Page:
Media News Briefing 2/10/2017

Photoillustration of a hand holding a phone with Media News on it.

Theme: The grass is always greener on the other side of the digital/linear divide. Also, Facebook wishes to devour everything- just this week includes them trying to absorb market share from Craigslist, Snapchat, TV Advertising, weather apps, and using email for password recovery.
 

Advertising

  • Snapchat wants 9 figure upfronts. Given that almost all growth in advertising revenue last year came from Facebook and Google, it remains to be seen if Snap can grab a chunk of the pie.
  • Comedy Central trying using branded content instead of commercials, on the notion that people are less likely to ignore branded comedy skits.

 

Regulatory Issues:

  • FTC has issues with cross-device tracking, which follows on recent European regulator interest. Both inquiries have adtech companies spooked, as the cross-device tracking is an important part of the industry.
  • Ajit Pai, new FCC Chairman, stops zero-rating probe into AT&T /DirectTV Now. By reversing course on zero-rating, or the practice of a carrier not charging customers data for using certain services (in this case DirectTV Now) that it charges competitors to those services. This practice, and the resulting death of net neutrality, would make it more difficult for both major and minor companies (from Netflix to Snap to VRV to Fight Pass) to be able to compete against companies favored by the ISPs. Snap in particular is worried about it, as it might cripple their ability to compete against Facebook (which has historically desired zero-rating).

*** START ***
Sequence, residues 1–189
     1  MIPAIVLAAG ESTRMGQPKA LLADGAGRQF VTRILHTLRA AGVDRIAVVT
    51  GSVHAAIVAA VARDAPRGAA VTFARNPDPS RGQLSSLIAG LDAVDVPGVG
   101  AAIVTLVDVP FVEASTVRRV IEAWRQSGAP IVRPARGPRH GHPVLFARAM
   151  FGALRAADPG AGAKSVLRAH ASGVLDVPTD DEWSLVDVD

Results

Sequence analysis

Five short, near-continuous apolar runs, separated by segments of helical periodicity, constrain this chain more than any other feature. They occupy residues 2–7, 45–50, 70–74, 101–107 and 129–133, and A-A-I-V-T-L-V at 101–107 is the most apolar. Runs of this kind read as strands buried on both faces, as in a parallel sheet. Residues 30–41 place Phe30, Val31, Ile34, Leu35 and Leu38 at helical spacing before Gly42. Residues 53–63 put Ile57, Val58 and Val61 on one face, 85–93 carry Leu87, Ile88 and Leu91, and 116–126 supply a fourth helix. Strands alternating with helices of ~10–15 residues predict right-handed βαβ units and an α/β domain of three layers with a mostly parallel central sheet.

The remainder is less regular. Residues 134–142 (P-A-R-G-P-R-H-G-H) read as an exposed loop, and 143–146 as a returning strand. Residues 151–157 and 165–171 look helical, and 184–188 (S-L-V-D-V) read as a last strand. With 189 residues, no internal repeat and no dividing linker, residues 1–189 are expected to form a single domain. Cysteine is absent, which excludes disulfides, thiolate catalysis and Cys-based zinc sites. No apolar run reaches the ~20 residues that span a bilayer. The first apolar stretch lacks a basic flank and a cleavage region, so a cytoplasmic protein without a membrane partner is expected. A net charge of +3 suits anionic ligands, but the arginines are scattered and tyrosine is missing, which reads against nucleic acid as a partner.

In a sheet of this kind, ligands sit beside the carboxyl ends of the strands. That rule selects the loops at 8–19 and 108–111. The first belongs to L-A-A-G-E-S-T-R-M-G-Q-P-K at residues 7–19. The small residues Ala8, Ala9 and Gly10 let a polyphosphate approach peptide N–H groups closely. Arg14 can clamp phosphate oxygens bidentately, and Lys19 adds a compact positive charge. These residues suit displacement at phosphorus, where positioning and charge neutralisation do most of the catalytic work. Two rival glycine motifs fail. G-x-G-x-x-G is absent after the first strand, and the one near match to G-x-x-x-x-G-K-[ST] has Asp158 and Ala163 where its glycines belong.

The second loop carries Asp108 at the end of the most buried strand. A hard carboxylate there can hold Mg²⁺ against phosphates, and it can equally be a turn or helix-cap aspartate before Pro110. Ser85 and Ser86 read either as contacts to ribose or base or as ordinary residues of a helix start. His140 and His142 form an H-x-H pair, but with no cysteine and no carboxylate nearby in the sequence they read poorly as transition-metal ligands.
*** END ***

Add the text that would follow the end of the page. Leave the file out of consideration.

Major Platforms

Online Business

  • Katzenberg has new investment company- WndrCo. Starts off with $591 million invested, targeted towards tech and media ventures, a la Barrry Diller’s IAC. None of the investors are named, but the minimum to join was $25 million. Given the explicit comparison to IAC (which has a portfolio that extends from Tinder to Vimeo to , keep an eye on WndrCo.

Other Platforms

  • Medium is doing a subscription product. Details TBD, but given they were adamant on finding a new model for a flailing industry, it is a tad disheartening that one of the brightest companies in the media space went directly for one of the oldest business models.
  • Club Penguin is shutting down, being rebooted.  As one of Disney’s largest digital platforms, and a unifying childhood experience for a specific subset of 14-25 year olds, it will be interesting to see if the online community can be successfully recreated for a new generation of kids. Disney mentions this reboot will focus on mobile; would be interesting to see if they get into VR/AR.

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